In Fennoscandia, the process of Glacial Isostatic Adjustment (GIA) drives ongoing crustal deformation. Crustal velocities from GPS observations have proved to be a useful tool in constraining GIA models. However, reference frame uncertainties, plate tectonics, intraplate deformations as well as other geophysical processes contaminate the results. Former studies have shown that different International Terrestrial Reference Frames have large discrepancies, especially in the vertical component, which hamper geophysical interpretation. We present new velocity estimates for the Fennoscandian and North European GPS network. Our GPS velocity field is directly realized in a GIA reference frame. Using this method (named the GIA frame approach) we are able to constrain GIA models with minimal influence of errors in the reference frame or biasing signals from plate tectonics. The drawbacks are more degrees of freedom that might mask real but unmodeled signals. Monte Carlo tests suggest that our approach is robust at the 97% level in terms of correctly separating different models of ice history but, depending on deformation patterns, the identified Earth model may be slightly biased in up to 39% of cases. We compare our results to different one- and three-dimensional GIA models employing different global ice-load histories. The GIA models generally provide good fit to the data but there are still significant discrepancies in some areas. We suggest that these differences are mainly related to inaccuracies in the ice models and/or lateral inhomogeneities in the Earth structure under Fennoscandia. Thus, GIA models still need to be improved, but the GIA frame approach provides a base for further improvements. © 2014. American Geophysical Union.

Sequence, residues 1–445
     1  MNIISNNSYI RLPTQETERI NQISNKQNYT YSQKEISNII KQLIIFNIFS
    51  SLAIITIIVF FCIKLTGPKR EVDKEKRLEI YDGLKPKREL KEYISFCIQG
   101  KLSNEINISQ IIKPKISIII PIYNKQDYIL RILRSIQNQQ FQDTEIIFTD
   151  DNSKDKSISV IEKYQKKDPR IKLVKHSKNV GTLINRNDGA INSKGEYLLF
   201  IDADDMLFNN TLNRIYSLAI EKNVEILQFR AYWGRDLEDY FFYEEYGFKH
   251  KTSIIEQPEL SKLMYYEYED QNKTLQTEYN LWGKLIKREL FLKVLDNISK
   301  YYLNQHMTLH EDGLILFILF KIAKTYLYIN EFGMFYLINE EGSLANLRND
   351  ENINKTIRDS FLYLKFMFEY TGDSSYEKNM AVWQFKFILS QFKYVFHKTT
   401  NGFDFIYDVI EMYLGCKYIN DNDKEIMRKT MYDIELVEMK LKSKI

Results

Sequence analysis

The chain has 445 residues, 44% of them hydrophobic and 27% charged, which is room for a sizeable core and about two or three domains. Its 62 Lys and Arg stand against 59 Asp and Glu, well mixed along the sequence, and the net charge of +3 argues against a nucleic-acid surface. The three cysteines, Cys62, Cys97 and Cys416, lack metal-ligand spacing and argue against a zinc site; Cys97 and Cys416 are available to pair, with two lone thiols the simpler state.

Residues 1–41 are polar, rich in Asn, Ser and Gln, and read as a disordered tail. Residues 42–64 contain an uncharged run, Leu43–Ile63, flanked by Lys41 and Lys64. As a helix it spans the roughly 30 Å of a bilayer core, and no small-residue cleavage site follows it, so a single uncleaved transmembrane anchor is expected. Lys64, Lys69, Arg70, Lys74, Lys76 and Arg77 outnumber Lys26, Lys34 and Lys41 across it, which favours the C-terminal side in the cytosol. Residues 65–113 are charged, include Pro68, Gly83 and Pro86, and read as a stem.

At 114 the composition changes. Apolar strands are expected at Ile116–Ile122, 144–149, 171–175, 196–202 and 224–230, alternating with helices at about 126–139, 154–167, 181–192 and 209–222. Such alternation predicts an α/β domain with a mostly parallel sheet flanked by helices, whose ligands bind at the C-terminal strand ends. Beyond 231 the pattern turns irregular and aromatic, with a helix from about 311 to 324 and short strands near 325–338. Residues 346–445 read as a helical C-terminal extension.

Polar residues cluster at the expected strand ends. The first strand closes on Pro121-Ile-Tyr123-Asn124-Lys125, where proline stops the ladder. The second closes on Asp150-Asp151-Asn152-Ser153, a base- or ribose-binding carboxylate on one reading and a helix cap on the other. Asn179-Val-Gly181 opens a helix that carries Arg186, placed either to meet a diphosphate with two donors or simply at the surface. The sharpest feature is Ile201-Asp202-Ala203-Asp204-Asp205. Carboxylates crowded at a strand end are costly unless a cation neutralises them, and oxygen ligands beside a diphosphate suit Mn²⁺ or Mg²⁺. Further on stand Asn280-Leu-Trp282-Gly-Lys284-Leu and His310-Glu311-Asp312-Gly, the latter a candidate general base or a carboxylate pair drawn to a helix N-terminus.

Lecavalier B.S.,University of Ottawa | Milne G.A.,University of Ottawa | Simpson M.J.R.,Geodetic Institute | Wake L.,Northumbria University | And 9 more authors.
Quaternary Science Reviews | Year: 2014